Tool Tip Friday 8: BigCommerce vs Shopify

Tool Tip Friday 8: BigCommerce vs Shopify

Posted by Oksana Ossipov on Nov 8th 2018

A marketplace platform like Etsy or Storenvy is a great place to start selling creations. However, at some point, one starts to look at other options such as a personal shop. About a year ago, I was in this boat, searching for and researching different platforms. Most of them offer a similar set of tools, so the choice came down to BigCommerce and Shopify. A third possibility is a self-hosted and self-managed platform which I would not even consider as a viable option nowadays. The main reason for this is security issues and overall cost. It costs about the same or even less to use a shopping cart service like BigCommerce instead of installing and managing a shopping cart software. This is in addition to the site security that simply cannot be managed by a single person unless one works in this specific area and is capable of programming and staying up to date on security issues, bugs, and vulnerabilities. 

Both Shopify and BigCommerce offer 14- and 15-day trials respectfully. This is a plenty of time to try out all of the features and to check out the user interfaces. Main things one should look for are free templates that require minimum editing, ease of use of the control panel, and the built-in blog engine.

Being an artist, one often doesn’t have the time to be a webmaster as well. Therefore, it’s very important to have a pre-made template that fits the requirements. The main reason to use a default template and change only the styling via an available graphic interface is maintenance overhead. Whichever platform one chooses, it’s being constantly updated. There are bugs, improvements, and security updates that roll out on weekly basis or even more frequently. If one uses a self-created template or a default template with modified code, then these updates won’t install automatically. One would have to update the template, and make sure that all of the modified code is re-added. This is an incredible hassle, and one will spend all of the time trying to keep the shop software up to date. There is an option to opt-out of updates, but it is unwise due to the security risks.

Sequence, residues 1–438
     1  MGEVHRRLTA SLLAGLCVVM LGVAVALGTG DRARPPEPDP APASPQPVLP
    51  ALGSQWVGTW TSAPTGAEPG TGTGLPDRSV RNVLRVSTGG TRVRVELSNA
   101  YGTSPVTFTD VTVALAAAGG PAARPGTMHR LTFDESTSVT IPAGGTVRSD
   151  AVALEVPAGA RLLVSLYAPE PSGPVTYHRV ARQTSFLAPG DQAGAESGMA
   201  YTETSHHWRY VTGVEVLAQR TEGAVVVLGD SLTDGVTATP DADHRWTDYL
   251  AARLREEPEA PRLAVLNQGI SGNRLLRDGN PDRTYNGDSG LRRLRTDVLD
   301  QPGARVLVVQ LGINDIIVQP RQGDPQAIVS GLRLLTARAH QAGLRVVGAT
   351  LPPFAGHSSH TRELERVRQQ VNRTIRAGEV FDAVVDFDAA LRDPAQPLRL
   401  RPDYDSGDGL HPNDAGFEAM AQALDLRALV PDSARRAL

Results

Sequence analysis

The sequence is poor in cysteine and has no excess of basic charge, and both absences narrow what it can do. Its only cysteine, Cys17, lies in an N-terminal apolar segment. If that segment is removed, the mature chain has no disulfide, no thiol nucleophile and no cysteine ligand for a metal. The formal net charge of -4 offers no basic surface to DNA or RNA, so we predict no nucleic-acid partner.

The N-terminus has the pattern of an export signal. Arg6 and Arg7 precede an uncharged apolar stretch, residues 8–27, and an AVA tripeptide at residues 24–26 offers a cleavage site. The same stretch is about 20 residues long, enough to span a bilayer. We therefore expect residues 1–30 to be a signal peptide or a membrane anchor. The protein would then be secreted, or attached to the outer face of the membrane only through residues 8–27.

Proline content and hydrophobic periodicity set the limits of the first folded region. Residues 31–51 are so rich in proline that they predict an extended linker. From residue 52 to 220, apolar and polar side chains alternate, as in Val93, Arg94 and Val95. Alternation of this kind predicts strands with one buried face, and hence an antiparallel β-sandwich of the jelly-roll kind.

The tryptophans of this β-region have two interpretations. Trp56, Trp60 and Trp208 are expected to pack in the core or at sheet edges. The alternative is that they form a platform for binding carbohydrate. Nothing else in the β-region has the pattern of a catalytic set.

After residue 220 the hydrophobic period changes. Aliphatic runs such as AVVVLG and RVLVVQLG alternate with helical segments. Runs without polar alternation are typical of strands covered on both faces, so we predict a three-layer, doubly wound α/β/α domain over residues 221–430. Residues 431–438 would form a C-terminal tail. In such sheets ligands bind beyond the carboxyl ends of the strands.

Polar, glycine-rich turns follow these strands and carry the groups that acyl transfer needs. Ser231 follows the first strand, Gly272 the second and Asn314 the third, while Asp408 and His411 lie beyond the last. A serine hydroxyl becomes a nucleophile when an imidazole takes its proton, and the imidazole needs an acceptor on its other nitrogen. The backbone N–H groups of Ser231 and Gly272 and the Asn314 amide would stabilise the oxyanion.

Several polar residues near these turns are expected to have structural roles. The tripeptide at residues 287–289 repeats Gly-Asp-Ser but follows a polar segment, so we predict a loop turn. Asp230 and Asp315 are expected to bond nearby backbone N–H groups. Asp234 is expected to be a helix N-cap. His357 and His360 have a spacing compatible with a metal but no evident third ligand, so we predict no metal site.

Ease of use of the control panel is the key to regular updates. Therefore, it’s prudent to test the interface to make sure it fits ones’ posting style. For example, one could always make use of drafts, a post scheduler, and editing of multiple products. The scheduling feature for posts and products is one of the things that BigCommerce lacks. Besides that, their intuitive interface and well-categorized settings help to run the shop smoothly and stress free. Whenever one can’t find the right button, there’s always a search option available on the dashboard. Another tip on how to find a particular setting is to just Google it. Both Shopify and BigCommerce have extensive documentation for their platforms.

Finally, the blog engine is very important as it’s one of the main marketing tools for an online shop. Both platforms have it, but this is where BigCommerce falls somewhat short. There’s a built-in blog, but it has very limited customization options and no comments feature. Having a two-way conversation with customers is incredibly important as it helps to build relationships and allows clients to voice their opinion. This made the decision between BigCommerce and Shopify a really tough one for me. Of course, there’s always an option of using an external blogging platform such as Wordpress or Blogger. However, one would have to integrate it with the shop, match the design, and then run it from a separate control panel. On top of that, Wordpress costs quite a bit if one wants to have some of the custom features. This might be tough to handle both financially and timewise for someone who runs a small business.

The deciding factor in favor of BigCommerce was the flow of the checkout process. Both platforms offer a one-page checkout, but shops that run on Shopify display the shopify.com domain in the customer’s browser address bar at the final stages of checkout process. While this would look fine to people who are familiar with Shopify, to a certain percentage of customers this might look suspicious. Whenever I checkout online, I always make sure that the site has a TLS certificate (HTTPS protocol in the address bar), and that it stays consistent with the rest of the website and the domain. If I would notice the domain name change to something else during the checkout process, I would immediately flag this website as unsafe. BigCommerce does well with this, as only my domain name is visible throughout the entire shopping experience. When I talked to Shopify about this, they painted it as an added security feature, but I don’t see it this way.

There’s still a room for improvement for BigCommerce in terms of adding a comments option to their built-in blogging platform, but a more important feature such as the consistent checkout process surely takes the top spot on my priority list.

If you have any particular questions about BigCommerce or the subject in general, reach me on Twitter: @truenoirart